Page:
It appears the man in charge of Dallas County Schools may be on his way out.
The board of the troubled school bus agency will meet Wednesday to talk about replacing Superintendent Rick Sorrells.
This comes on the heels of six month NBC 5 investigation that exposed serious safety concerns and financial problems at DCS.
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A meeting agenda posted online said the DCS board will meet Wednesday to "consider appointing an interim superintendent" and to "consider ... authorizing a search for a permanent superintendent."
Just six days ago, Texas Sen. Royce West (D-Dallas) called on Sorrells to step down.
“I mean, all of this happened under his watch, OK? And you need to have a change in leadership because you don't have, there's not any confidence at this point in time,” West said Tuesday in an interview with NBC 5 Investigates.
At the time, Sorrells downplayed West’s comments and said he had no plans to leave.
“I met with Sen. West last Wednesday and had a conversation with him about the future of Dallas County Schools and plan to have a meeting with him next week to continue that conversation,” Sorrells said at a news conference.
NBC 5 has learned that meeting between Sorrells and West has been canceled.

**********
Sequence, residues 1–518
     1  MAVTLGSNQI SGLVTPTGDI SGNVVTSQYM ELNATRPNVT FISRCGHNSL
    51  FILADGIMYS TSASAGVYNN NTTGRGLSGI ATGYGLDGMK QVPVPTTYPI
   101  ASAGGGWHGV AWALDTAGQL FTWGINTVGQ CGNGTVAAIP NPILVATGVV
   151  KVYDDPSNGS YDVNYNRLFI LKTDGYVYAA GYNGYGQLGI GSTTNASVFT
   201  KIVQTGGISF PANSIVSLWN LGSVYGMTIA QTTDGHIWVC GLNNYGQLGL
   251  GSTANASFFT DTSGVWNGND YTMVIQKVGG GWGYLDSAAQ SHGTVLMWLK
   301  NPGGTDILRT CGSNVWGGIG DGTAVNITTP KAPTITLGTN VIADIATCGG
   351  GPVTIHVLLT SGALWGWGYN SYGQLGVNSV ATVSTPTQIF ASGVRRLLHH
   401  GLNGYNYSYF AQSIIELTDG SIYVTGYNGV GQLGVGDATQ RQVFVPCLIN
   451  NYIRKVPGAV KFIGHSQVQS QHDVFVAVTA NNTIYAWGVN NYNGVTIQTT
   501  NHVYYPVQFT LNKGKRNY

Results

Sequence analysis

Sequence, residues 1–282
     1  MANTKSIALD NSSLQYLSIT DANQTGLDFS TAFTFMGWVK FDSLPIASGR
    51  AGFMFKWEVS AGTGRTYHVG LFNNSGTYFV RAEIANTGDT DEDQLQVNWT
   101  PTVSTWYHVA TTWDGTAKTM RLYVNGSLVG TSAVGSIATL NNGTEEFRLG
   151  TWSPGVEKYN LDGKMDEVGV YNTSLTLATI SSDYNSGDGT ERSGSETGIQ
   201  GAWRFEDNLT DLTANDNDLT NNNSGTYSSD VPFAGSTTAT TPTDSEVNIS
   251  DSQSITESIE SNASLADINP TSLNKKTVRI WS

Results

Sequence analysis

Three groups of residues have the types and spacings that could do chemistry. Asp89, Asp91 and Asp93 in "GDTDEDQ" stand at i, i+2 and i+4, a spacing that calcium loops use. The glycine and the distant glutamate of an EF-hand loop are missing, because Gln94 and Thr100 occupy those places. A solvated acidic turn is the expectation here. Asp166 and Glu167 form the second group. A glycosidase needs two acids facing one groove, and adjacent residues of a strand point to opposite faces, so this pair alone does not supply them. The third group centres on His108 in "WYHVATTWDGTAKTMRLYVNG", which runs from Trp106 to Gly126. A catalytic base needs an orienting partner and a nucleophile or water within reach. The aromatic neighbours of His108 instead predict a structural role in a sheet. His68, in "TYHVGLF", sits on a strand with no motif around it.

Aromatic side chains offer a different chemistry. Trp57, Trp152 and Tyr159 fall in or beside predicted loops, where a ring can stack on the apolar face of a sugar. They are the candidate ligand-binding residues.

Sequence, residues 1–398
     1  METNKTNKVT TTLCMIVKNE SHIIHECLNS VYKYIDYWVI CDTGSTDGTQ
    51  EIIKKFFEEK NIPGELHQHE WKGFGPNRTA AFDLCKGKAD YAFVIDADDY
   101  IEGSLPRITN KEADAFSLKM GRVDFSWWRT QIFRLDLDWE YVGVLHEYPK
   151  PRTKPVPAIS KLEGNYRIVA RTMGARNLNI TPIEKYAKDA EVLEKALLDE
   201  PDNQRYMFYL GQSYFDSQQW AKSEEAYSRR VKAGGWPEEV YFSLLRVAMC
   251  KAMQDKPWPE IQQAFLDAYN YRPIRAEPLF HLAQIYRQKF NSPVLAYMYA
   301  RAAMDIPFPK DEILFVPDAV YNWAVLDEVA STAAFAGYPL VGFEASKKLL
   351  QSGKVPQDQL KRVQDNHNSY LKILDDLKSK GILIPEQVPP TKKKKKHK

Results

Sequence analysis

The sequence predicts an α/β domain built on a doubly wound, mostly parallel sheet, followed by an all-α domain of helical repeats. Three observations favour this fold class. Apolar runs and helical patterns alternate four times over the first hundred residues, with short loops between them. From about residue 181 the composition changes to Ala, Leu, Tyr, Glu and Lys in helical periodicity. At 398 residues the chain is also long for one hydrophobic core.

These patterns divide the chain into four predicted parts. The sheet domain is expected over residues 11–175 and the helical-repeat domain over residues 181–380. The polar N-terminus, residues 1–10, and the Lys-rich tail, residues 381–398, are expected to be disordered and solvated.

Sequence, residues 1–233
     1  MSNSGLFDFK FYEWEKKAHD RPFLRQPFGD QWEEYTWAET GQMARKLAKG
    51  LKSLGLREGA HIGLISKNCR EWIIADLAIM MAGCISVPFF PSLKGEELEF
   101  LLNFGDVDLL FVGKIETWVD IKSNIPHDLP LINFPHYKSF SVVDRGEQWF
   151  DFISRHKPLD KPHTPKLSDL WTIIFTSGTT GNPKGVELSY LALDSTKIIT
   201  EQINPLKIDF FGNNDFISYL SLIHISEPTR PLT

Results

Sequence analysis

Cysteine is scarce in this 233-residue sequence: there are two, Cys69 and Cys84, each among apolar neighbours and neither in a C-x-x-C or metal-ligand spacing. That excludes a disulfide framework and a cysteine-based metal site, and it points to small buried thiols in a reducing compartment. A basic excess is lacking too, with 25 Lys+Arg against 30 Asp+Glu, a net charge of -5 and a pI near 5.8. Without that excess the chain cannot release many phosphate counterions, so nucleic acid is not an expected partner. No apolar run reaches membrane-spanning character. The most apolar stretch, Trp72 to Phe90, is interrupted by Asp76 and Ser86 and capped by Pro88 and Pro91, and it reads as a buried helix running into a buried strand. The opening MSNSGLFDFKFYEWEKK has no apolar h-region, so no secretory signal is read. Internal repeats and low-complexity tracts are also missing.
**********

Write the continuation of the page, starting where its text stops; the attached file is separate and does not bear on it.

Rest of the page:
"I'm glad to see that they are taking some action to replace the leadership,” West said Monday in a telephone interview.
What's not clear is whether Sorrells plans to resign or if the DCS board may ask him to leave.
In a statement to NBC, Sorrells said, "This is on the agenda for Wednesday and is a discussion between the board and me. It is not something I can talk about before then but we are focused on putting the safety of our students first and moving this agency forward."
For months Sorrells dodged questions about the spiraling troubles at DCS.
First a scandal involving taxpayer money used to pay tickets for bus drivers who ran red lights and then a budget crisis tied to a risky school bus stop-arm camera program.
An NBC 5 investigation also found DCS donated more than $4,000 of taxpayer money to a private charity Sorrells ran.
Sorrells defended those payments last week as a legitimate expense to market services DCS offers.
“I think the money was well spent in the programs we were trying to provide. They provide a lot of positives,” Sorrells said.
But now it appears his 13-year run as head of the area's largest bus agency may be coming to a stop.